Still, when my partner and I were walking across Trafalgar Square the other Sunday morning we looked at the Africa Day stage being set up and thought about how funding for cultural events such as this would be quietly dropped, just like funding for environmental schemes in the capital will no doubt be reduced. No big press conference, fanfare there. No doubt to pay the bills of his super duper transition team. It will be a decidedly different London. In fairness, I have castigated Ken Livingstone on live TV for being just a Trafalgar Square Mayor, but that was more for his focus on inner London boroughs at the expense of the suburbs, but I did enjoy the events that took place at Trafalgar Square.

One of my big interests in London though, is policing. And I am a big, big fan of community policing. I went to the commendation ceremony of my Safer Neighbourhood team the other day and wondered, along with a senior policeman whether funding for community policing would continue. We both hoped so. But whilst the number of police and PCSOs is important, as is parents and the wider communities responsibility for the behaviour of our children, one key factor in dealing with young people’s crime and unsafe streets is something for young people to do. My experience of living in a Tory borough is that whilst, they have done very well in clearing up graffiti, they seem to have made it their life’s work to reduce funding for young people’s facilities and activities. The link between bored and disillusioned young people and crime is clear; can Boris be the first Conservative, with the help of his Deputy Mayor Ray Lewis, to realise that it is better prevent young people from committing crime than just punish them when it’s all too late?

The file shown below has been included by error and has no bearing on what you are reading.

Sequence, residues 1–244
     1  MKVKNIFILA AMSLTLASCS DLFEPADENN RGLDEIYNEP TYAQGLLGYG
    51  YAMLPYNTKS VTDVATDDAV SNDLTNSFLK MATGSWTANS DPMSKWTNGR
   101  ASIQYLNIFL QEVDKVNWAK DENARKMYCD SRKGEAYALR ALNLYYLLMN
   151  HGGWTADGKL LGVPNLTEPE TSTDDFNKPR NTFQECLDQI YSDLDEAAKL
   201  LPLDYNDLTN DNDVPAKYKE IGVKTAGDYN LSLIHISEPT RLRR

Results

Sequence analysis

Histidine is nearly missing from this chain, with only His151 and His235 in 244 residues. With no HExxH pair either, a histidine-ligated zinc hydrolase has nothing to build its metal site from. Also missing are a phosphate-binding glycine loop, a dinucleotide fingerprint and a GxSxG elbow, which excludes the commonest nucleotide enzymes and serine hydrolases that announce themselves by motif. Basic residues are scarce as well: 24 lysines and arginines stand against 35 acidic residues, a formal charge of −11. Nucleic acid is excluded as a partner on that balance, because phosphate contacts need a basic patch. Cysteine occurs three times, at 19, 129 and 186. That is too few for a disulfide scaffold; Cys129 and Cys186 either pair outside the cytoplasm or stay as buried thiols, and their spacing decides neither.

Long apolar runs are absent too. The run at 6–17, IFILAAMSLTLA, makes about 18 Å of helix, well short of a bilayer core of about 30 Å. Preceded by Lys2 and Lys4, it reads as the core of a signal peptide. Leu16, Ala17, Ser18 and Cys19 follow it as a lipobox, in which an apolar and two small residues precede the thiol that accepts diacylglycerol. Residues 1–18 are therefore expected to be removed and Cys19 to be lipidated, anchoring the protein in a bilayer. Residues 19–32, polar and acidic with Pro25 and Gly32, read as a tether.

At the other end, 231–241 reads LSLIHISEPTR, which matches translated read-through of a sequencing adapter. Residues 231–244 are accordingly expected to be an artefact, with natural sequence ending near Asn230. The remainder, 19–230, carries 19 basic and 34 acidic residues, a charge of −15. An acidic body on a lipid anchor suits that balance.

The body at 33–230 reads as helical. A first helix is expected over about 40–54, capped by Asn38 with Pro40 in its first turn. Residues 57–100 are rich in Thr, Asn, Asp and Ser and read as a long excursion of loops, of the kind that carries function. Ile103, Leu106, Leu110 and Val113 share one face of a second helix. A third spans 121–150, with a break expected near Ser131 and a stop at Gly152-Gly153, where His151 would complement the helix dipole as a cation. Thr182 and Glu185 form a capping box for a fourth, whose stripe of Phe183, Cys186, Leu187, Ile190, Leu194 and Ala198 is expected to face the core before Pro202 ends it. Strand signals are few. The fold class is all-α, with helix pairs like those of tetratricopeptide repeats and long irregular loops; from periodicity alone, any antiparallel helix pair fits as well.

Jonny Wright said...
5 Jun 2008, 17:03:00

I know you're not convinced, but I think he really will have a crack team around him. If he messes up badly, it's just too big a gamble for Cameron. He needs Boris to be a success.

Do you reckon breaking the link with Chavez might be more to do with the symbolism? Surely it only happened in the first place because Ken wanted a connection with a socialist country with a populist left-wing leader.

Jo Christie-Smith said...
6 Jun 2008, 14:00:00

Jonny, I wish I had you faith in the Tories managerial abilities.

Does Cameron need Boris to suceed; he'd better hope not! Borne I'd by far the more powerful man now, if not in the Tory party, then in the country as a whole. He has a big mandate, he can tell Cameron where to go, when it do we to it.

Any muck up will take longer they two years to evidence itself and until then can be blamed on Labour. Brown's honeymoon eas cut short because labour had been in power for 11 years - brown couldnt blame anyone else.

Boris got in because he was Boris and cameron will use that brand distinction to distance himself if things go pear shaped.

The Chavez thing; well sure, he enjoyed the symbolism. All I was saying was that I doubted it was on an ethical basis that he made the decision. Plus, far easier to pull fare subsidies when the source of funding has already gone, later on when nobody's looking!

a very public sociologist said...
14 Jun 2008, 20:53:00

Re: Venezuela, it's not really a case of Chavez shutting down stations "because they disagree with him". They were denied their licence simply because they openly backed the coup that attempted to oust him. In equivalent terms, it would be like you defending the BBC if they cheered on the IRA's attempts to eject the UK from Northern Ireland.

It's also worth noting that in this "authoritarian" state of Venezuela, it was announced this week that a programme of domestic industrial development was launched ... under the democratic control of the workers employed in the programme. A step toward proper political and economic liberty don't you think?